Special Topics in Communication (COMM 459, 1 - 3 Credits)
An exploration of special topics in communication. The objective is to attain specialized knowledge and skills in a particular area of communication, journalism, speech, or professional writing. Focus is on demonstrating new knowledge through an extended applied project. May be repeated to a maximum of 6 credits when topics differ.

Research Methods in Communication Studies (COMM 480, 3 Credits)
Prerequisites: COMM 300, COMM 302, and an upper-level writing course. A review of qualitative and quantitative research methods in communication studies. The objective is to define and explain research methods, concepts, and tools; apply research design, data collection, analysis, and reporting skills; and critically evaluate research in terms of rigor, relevance, and explanatory value. Practice is provided in finding, consuming, and analyzing research studies. Discussion covers the steps of the research process: articulating a question, developing a methodology, conducting a study, and reporting on findings.

Workplace Learning in Communication Studies (COMM 486A, 3 Credits)
Prerequisites: 9 credits in the discipline and prior program approval (requirements detailed online at www.umuc.edu/wkpl). The integration of discipline-specific knowledge with new experiences in the work environment. Tasks include completing a series of academic assignments that parallel work experiences.

Workplace Learning in Communication Studies (COMM 486B, 6 Credits)
Prerequisites: 9 credits in the discipline and prior program approval (requirements detailed online at www.umuc.edu/wkpl). The integration of discipline-specific knowledge with new experiences in the work environment. Tasks include completing a series of academic assignments that parallel work experiences.

Grant and Proposal Writing (COMM 492, 3 Credits)
(Fulfills the general education requirement in communications.) Prerequisite: WRTG 393, WRTG 394, COMM 393, or COMM 394. An advanced study of technical writing, focusing on composing competitive proposals in response to Requests for Proposal (RFPs) and other funding solicitations from the federal government and community and private sources. The aim is to apply skills needed in the proposal development process; assess an RFP to determine evaluation and competitive criteria; and synthesize the required elements into a successful proposal. Discussion covers stages of the proposal-development process, including researching the funding agency for its mission, target populations, and problems of interest; assessing the RFP to determine evaluation criteria; and assembling the required elements of a successful proposal. Assignments include writing a grant request and working in teams to prepare a competitive business proposal. Students may receive credit for only one of the following courses: COMM 492, ENGL 489C, or WRTG 494.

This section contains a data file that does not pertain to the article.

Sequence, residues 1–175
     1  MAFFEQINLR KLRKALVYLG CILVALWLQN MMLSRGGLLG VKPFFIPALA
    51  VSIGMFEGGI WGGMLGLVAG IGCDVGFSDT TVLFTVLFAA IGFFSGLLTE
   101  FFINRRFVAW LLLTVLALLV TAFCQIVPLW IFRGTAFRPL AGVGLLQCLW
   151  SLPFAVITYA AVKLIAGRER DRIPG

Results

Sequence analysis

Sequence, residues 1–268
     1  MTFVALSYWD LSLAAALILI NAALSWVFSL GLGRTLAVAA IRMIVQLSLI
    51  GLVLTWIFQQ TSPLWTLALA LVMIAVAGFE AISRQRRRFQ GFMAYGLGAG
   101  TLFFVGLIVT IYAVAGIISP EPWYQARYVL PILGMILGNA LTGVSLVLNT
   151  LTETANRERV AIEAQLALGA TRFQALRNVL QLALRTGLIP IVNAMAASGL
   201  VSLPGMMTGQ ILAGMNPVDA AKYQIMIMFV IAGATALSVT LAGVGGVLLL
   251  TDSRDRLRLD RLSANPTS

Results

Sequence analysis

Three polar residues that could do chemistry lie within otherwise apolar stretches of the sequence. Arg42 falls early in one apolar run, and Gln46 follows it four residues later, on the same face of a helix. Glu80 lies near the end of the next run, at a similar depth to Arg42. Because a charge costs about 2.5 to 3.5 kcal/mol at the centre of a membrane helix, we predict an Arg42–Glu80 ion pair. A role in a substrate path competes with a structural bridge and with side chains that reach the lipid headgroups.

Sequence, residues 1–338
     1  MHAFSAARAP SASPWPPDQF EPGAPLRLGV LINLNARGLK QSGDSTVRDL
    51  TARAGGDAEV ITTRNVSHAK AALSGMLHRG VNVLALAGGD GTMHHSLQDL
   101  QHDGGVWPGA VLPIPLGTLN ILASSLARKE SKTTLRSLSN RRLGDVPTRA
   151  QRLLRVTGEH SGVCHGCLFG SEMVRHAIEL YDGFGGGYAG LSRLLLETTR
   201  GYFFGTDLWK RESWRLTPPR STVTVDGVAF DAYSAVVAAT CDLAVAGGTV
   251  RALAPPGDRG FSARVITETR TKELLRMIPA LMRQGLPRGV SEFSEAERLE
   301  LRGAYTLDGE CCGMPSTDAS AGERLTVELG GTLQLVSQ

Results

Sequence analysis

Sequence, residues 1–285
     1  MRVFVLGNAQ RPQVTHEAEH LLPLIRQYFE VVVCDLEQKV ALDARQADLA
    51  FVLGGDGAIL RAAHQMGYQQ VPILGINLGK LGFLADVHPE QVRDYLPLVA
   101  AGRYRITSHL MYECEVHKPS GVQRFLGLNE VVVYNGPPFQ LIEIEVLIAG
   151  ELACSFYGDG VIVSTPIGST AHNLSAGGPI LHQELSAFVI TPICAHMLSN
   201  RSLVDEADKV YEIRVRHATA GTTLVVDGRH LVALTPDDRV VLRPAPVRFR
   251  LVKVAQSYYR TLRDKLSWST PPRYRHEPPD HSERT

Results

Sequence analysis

Senior Seminar in Communication Studies (COMM 495, 3 Credits)
(Intended as a final, capstone course to be taken in a student's last 15 credits.) Prerequisites: COMM 300 and either WRTG 391, WRTG 393, or WRTG 394. A project-based capstone study of communication. The aim is to integrate knowledge gained through previous coursework and experience and build on that conceptual foundation through integrative analysis, practical application, and critical thinking. Tasks include assembling and analyzing a portfolio and completing a final project (such as a research-based report and presentation, feasibility study, feature article, or career strategic plan) that requires conducting research and exploring ethical issues.

Academic Writing for Graduate Students (COMM 600, 3 Credits)
The development of the writing and critical-thinking skills needed for effective academic writing. Skills addressed include applying accurate grammar and punctuation; using critical thinking to summarize and evaluate texts; developing well-organized, well-supported, and clear arguments; integrating sources into writing and formatting academic papers using APA guidelines; and revising writing to produce a clear, concise style appropriate to audience, context, and purpose.